that he's far more interested in talking about life than he is about
      death, and in telling a funny story, determined to make you laugh.
      'My short-term memory is not very good,' he'll explain,
      contemplating his condition today. 'On the other hand, my short-term
      memory is not very good... I was waiting for you to laugh!' You soon
      realise that it's you, in fact, who's considerably more preoccupied
      with the assumed deterioration of Pratchett's mind than he is...

      "In 2012, Pratchett's imagination remains as robust as his
      personality – 'My creative self seems to be alive and well; I'm
      still me'. Dodger, his latest novel for young adults, a lively tale
      of a sewer scavenger in Dickensian London, sees Pratchett's
      gloriously vivid language undiminished even as he notates his words
      to voice-recognition technology...

      "Pratchett remains a conversational riot, if impossible to
      interrupt: any attempt to interject into his infinite anecdotes is
      met with a highly mischievous 'Shut up and let me finish my story!'
      Sometimes, when memory fails him, he's sure it's merely 'being in my
      60s', as perhaps is his habit of recalling his colourful past:
      stories about his parents, who he adored (his mechanic dad was
      'stoic', his formidably bright, book-encouraging mum could 'see
      through rocks'), about being 'a disruptive force' at school in High
      Wycombe, a cosmology-obsessed teenager forever bringing in Private
      Eye and Mad magazine 'even though Harry (the headmaster) was
      determined to keep the '60s out of High Wycombe'..."

      To read the full text of the interview, go to:



      In The Guardian, by Marcus Sedgwick:

      "Though the plot of the novel is relatively simple, there is as much
      pleasure in seeing Dodger charm, sneak and sometimes bash his way in
      and out of a series of dark and dangerous encounters as he seeks to
      protect Simplicity, as there is in reading Pratchett's prose. Here,
      once again, is the mark of a great writer; that we are captivated by
      ingenious word-building on every page... Pratchett's game-playing
      abounds; he introduces Sweeney Todd to the story, gleefully paying
      no heed to the twin facts that the Demon Barber is not only
      fictional but hadn't even been written at the time. There are some
      lovely jokes surrounding Dickens. When Dodger worries that
      Simplicity will be shut up in some bleak house, we can almost see
      Mister Charlie snatch his notebook from his pocket and fumble for a
      pencil, with that faraway look writers get once in a while. And then
      there's the name of Solomon's dog. At this point, your open-mouthed
      reviewer found himself thinking, no, he can't have called it that
      – surely the editor would have taken it out. Perhaps it only
      survived redrafts through naivety in the editorial department, and
      yet, upon my word, here's the author in the closing pages inviting
      us to google what Onan means..."



      Emily Whitten's New York Pterry live gigs report:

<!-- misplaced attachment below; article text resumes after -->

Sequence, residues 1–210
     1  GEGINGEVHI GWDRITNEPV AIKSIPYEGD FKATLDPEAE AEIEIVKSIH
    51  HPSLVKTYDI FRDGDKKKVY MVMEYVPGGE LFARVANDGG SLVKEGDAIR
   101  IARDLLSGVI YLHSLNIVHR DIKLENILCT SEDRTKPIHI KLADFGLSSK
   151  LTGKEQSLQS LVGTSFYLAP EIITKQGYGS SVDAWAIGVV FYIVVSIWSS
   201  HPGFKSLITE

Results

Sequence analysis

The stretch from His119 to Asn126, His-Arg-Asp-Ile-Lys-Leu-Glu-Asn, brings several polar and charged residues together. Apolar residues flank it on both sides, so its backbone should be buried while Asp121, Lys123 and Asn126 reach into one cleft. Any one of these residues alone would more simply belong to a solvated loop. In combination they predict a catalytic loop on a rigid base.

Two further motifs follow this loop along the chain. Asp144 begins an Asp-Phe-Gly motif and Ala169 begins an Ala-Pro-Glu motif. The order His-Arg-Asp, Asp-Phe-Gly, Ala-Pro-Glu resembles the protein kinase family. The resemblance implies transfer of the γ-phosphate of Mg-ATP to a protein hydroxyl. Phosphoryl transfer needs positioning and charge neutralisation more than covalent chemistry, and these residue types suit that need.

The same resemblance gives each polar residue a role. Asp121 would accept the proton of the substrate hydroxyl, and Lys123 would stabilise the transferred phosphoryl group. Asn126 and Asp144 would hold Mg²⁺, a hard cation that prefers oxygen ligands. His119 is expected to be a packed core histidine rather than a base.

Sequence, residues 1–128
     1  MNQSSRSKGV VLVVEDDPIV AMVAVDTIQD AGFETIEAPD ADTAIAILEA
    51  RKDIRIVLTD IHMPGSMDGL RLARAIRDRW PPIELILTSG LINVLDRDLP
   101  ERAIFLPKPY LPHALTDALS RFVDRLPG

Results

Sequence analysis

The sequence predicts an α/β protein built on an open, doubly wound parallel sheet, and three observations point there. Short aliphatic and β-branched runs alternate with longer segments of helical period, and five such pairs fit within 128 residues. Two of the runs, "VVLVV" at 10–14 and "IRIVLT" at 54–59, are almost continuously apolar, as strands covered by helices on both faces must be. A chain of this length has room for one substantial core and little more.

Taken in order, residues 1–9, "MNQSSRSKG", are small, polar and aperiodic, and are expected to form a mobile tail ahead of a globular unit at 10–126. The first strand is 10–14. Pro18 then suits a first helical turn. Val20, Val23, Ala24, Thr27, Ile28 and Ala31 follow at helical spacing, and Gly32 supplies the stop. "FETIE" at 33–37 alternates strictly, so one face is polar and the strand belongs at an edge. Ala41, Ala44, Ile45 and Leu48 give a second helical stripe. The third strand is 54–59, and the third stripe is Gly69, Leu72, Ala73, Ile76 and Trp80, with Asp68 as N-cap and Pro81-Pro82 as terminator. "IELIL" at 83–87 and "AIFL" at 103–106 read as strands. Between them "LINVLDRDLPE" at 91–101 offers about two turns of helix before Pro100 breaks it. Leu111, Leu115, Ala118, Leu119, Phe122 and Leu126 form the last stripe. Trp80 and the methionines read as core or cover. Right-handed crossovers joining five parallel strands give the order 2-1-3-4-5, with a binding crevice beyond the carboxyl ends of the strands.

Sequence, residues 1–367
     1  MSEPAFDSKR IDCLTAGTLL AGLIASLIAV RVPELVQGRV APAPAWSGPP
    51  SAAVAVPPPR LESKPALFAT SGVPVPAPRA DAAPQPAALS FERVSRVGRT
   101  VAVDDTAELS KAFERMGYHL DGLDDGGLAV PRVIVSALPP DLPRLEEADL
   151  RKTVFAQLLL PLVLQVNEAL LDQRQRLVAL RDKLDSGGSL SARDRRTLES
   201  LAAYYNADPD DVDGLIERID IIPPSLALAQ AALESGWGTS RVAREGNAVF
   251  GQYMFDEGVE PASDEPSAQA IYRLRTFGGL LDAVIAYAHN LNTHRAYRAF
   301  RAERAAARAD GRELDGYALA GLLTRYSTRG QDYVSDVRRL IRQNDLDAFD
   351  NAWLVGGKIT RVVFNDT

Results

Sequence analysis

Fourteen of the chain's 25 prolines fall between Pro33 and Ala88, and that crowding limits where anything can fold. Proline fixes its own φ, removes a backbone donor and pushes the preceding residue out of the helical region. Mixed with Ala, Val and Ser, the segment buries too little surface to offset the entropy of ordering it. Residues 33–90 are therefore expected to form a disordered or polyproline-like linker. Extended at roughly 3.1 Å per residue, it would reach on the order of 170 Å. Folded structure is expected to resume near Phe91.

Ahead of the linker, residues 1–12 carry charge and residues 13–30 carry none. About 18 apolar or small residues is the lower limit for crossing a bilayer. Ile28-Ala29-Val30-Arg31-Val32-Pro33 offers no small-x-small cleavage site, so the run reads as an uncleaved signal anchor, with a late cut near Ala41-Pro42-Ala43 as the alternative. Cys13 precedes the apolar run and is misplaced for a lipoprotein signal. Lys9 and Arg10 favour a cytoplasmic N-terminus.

"While he was at NYCC, for me the high was not his NYCC appearance
      (we'll get to that in a second!) but his appearance at the Barnes &
      Noble in nearby Union Square. Despite a pretty full house, the store
      was so quiet you could hear a pin drop (or Terry and his business
      manager Rob bantering with each other on stage) as everyone listened
      to an excerpt from the book and a fun Q&A... Other information
      shared with the crowd is that Terry fully intends that there be a
      sequel to Dodger; that he has been working on the second Long Earth
      book with co-author Stephen Baxter; and that (as some may have heard
      already) he has formed a production company with business manager
      Rob Wilkins, Managing Director and producer Rod Brown, and daughter
      and fellow writer Rhianna Pratchett. Upcoming projects include The
      Watch series (a 13 episode series described in a nutshell as 'CSI:
      Ankh-Morpork') and the Good Omens miniseries, along with more
      upcoming Discworld adaptations. Yay!

      "The placement of Terry Pratchett's NYCC panel. Don't get me wrong
      – Terry and Rob were as entertaining as always, and I was
      delighted to see them. But for the first time in my experience, NYCC
      committed a major error in planning when they stuck the best-selling
      adult fiction author in the UK in a giant echo-y hallway next to a
      music stage (which started playing loud music half-way through) for
      his event. I can't even imagine what they were thinking, and can
      only assume it was done in complete ignorance by someone who has
      mysteriously never heard of Terry and couldn't be bothered to look
      up whether his panel was likely to be popular or anything else about
      him. Even if they didn't realize that Terry's Alzheimer's
      necessitates that he have a lavaliere microphone rather than a hand-
      held, or that he often speaks rather softly and so a loud hall is
      not the best venue for him, such placement is unforgiveable, and I
      hope NYCC never makes such an asinine mistake again..."



      From Tower Players' production of Wyrd Sisters at Rugeley Rose
      Theatre, a very acceptable Granny, Nanny and Magrat:


      A Sir and his hats, in a photoshoot for that Big Issue interview:

      "I cheekily asked if I could tag along with Sir Terry and his PA
      whilst out hat shopping. To my absolute delight they agreed and we